2.    ‘Whistleblowers’ who disclose secret information of public interest to the media should not be subject to legal, administrative or employment-related sanctions. The test of public interest in the publication should become an integral part of jurisprudence on disclosure of information.

3.    Disclosure and publication of state secrets in the public interest should not carry sanctions of any form, particularly in circumstances where the public interest in knowing the information is greater than the damage that can result from its dissemination.

This would send a strong message to public authorities that the government is serious about moving away from the present culture of secrecy toward a culture where the public has a right to know and public authorities have a duty to disclose.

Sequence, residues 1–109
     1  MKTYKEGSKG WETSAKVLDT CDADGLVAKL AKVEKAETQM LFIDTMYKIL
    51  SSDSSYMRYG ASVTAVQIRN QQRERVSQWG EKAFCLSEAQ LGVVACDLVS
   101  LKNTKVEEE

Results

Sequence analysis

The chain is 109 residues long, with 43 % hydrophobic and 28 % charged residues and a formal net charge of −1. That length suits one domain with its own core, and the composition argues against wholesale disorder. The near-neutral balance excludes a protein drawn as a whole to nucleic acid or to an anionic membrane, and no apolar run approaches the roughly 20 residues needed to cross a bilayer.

Despite the inclusion of criminal sanctions in section 34 of the Act, the MAJ is of the view that the Act has “no teeth”.

As one peruses the Act the question which arises throughout is, what is the penalty for breach of this clause?

a.  What sanctions can the Access to Information Tribunal impose?
b.  What is the penalty for non-compliance with the ruling of the Access to Information Tribunal?
c.  What is the penalty for an ATI officer failing to respond to an application in time or at all?
d.  What is the penalty when a public authority fails to submit its quarterly report on the operation of the Act to the Minister?